Exchange rates, jobs & external vulnerability | Business Standard Column–Mr. Rajwade–30.01.2018-1——*****

Recently, The Observer newspaper of UK criticised President Donald Trump for his “petulant, childish behaviour combined with a staggering lack of knowledge and contempt for facts”. While I agree with most epithets, on one point Trump is surely right: that the huge and persistent trade deficit of the US has led to much lower employment in the domestic industrial sector than what it otherwise would have been. He blames China, Mexico and everybody else for the deficit, but not the vaunted “strong dollar” policy of the US, which keeps up the consumption level of the worse off through cheap imports. Recently, there seems to have been a policy change: the Treasury Secretary said last week in Davos that he welcomes the dollar’s recent fall in international markets, as it will help domestic industry. But the US deficit does not lead to external vulnerability or a balance of payments crisis as the dollar remains the world’s principal reserve currency: in effect, the rest of the world’s central banks finance the deficit by buying and holding US government securities in their reserves. One sometimes wonders whether we are following a “strong rupee” policy to help meet the inflation target, which I described in the last article as possibly a major policy blunder of the present government. The exchange rate against the dollar has appreciated from a low of Rs 68 to Rs 64 in two years despite our inflation being higher than most of our trading partners, and when the oil price is rising. The central bank’s REER index stands at 132, evidencing 30 per cent overvaluation. Apart from the loss of output and jobs which persistent external deficits represent, does this policy make our external situation vulnerable to capital flight? Remember Mexico, Thailand, Argentina etc? Recently even surplus countries like China, South Korea and Taiwan, have expressed worries over the rise of their respective currencies against the dollar. This apart, labour intensive exports, like garments and leather goods, require a competitive exchange rate even more than technology intensive exports. In order to understand the central bank’s policy perspectives better, I recently went through the PPTs of a presentation by Dr Viral Acharya, in New York last month on the topic of “Global Spillovers: Managing capital flows and forex reserves”. Two points struck me: — To measure “resilience” to foreigners running away (that is, capital flight), he correctly refers to the need to consider all reversible “hot money” flows; — But in his measure of “external sector resilience”, meant to answer the question “if foreigners run, does the country have adequate FX reserves?” he seems to consider only short-term external debt.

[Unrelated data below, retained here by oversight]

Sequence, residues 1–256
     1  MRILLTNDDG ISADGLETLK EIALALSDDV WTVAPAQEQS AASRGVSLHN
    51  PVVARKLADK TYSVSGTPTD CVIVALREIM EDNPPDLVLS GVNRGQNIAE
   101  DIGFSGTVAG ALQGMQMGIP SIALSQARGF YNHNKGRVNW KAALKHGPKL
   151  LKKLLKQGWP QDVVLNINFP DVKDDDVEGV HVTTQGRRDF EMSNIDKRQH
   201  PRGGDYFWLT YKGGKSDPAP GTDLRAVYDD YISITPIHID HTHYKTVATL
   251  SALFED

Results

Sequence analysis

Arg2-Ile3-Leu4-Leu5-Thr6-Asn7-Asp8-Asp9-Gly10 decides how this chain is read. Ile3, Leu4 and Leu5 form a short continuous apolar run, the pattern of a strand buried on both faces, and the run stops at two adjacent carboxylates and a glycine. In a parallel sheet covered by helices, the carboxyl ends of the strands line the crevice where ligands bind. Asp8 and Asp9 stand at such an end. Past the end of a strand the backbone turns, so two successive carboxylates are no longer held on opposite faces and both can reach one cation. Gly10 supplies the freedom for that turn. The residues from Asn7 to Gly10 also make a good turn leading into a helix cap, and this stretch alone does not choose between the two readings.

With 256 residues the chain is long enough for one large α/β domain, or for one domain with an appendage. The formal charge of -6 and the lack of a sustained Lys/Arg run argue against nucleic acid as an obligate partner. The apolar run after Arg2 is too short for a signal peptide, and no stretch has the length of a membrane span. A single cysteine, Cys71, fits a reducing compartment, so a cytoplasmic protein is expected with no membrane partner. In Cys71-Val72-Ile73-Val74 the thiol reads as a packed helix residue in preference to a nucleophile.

His measure is (reserves – short term debt)/GDP. I have not understood the rationale for dividing by GDP: If a divisor is needed, surely total trade is more relevant? In my view, we need to look at FPI (in both debt and equity markets) also to measure our “external resilience”. And as of September 9, 2017, the potential outflows were $348 bn, including short term debt of $94 bn, as compared to reserves of $400 bn — and our IIP was a negative $400 bn as on that date. Are these numbers not enough to measure our external resilience to capital flight? I could also not follow what exactly he means by “retrenchment state” — is he referring to capital flight and a currency crisis? To be sure I did not follow many other points in the presentation. To quote a couple:
  • “firms have two markets to undo the central bank reserves”;
  • “If tax on foreign currency debt is high, then firms switch to domestic currency debt in spite of higher cost. Hence, central bank has to tax both margins of arbitrage”.
Perhaps the presentation was meant for a far more sophisticated audience of US students, not ignorant Indians! In my view, our most serious weakness is the exchange rate policy being followed for the past decade. The best way of ensuring resilience to capital flight is an exchange rate policy aimed at a balanced primary income and expenditure account (i.e. excluding secondary income like remittances). Before our political masters talk of a sovereign wealth fund, we need a far better balance between external assets and liabilities, that is, IIP. And, this will not be possible if we give priority to money as a store for value, which benefits the better off, over money as a means of exchange.

The author is chairman, A V Rajwade & Co Pvt Ltd; avrajwade@gmail.com

via Exchange rates, jobs & external vulnerability | Business Standard Column

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